Artist Name: BZ Title: Kills Genre: Electronic/Metal Rating:
Yamaha O2R digital mixer feeding into G5 Power Mac running Digidesign ProTools HD 3, drums from Propellerhead Reason, and “tons of other samples and plug-ins”. Hamer Chaparral guitar with Floyd Rose tremolo, Mesa Boogie Single Rectifier amp with Marshall 1960 cabinet miked by Shure SM57. Roland XP-80 keyboard workstation, Access Virus Indigo virtual analog synthesizer.
Production Notes & Credits
This month’s Spotlight is a Rock/ Metal instrumental done in its entirety by BZ Lewis at his home studio. BZ writes: “DANGER! No vocals—it’s all industrial/metal/electronic.”
Reviewed By Marty Peters
This month’s Spotlight is a fine example of one-man-band creativity and craftsmanship. The vast majority of submissions here at Readers’ Tracks are one-person projects, and with them come a plethora of issues that can often arise from wearing one too many hats during the process. Fortunately for us, BZ has put together an excellent example of a successful track, from the composition and performances/programming straight on through to the final mix. Let’s take a look, shall we?
One of our biggest bugaboos with solo multi-sound-source endeavors is the fate of the drum programming. Far too many times, the programming is simply unrealistic in terms of the physical part—a phenomenon we call “octopus arms”—or the drums are presented in an apologetic place in the mix, buried behind a wall of various sounds, afraid to come out and play with the other kids. Given that, we applaud BZ for his bold stance here. With the aid of his Reason DAW software, he has assembled a driving, muscular performance that powers the mix. Realistic part and good tones win the day here, thank you.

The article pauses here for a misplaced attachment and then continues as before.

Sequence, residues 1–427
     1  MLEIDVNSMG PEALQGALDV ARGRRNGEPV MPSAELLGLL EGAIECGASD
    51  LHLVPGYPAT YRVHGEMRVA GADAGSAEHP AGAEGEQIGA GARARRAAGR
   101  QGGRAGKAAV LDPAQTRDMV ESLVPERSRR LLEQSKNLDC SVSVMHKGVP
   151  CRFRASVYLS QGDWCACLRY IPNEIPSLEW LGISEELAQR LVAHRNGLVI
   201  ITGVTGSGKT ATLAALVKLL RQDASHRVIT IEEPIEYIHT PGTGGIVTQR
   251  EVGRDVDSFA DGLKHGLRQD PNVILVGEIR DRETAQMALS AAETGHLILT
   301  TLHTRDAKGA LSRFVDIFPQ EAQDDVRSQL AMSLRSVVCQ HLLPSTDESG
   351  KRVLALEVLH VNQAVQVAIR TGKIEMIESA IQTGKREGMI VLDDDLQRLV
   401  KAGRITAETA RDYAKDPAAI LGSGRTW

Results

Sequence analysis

Moving on, we were also mightily impressed by BZ’s handling of his frequency ranges across the board. On many examples in this genre, low-mid frequency masking becomes an issue due to the predominance of frequencies required to create “heavy” tones. These can include bass, multiple detuned or 7-string/baritone guitars, and in BZ’s case, synths as well. Providing each of these sound sources an individual voice while maintaining a heavyweight wholeness to the overall sound takes finesse in both the tracking and mixing stages, and that’s precisely what we experience here. Well done! The guitar tone is tremendous and the snarky synth provides a very cool counterpoint, full of movement and energy.
Lastly, we compliment BZ on both his arrangement and mix here. As has been the case with all of our Spotlights, quality arranging provides a huge head start to success. It’s amazing how all of those hats get a little lighter with a clear path to follow, and to our way of thinking, it’s absolutely true that the mix benefits from this clear path every time.
BZ has provided us with an awesome example of one-man-band navigation. We hope that you loyal readers will take the time to digest some of the lessons here… we sure will!
Quality across the spectrum.
BZ Lewis, [email protected]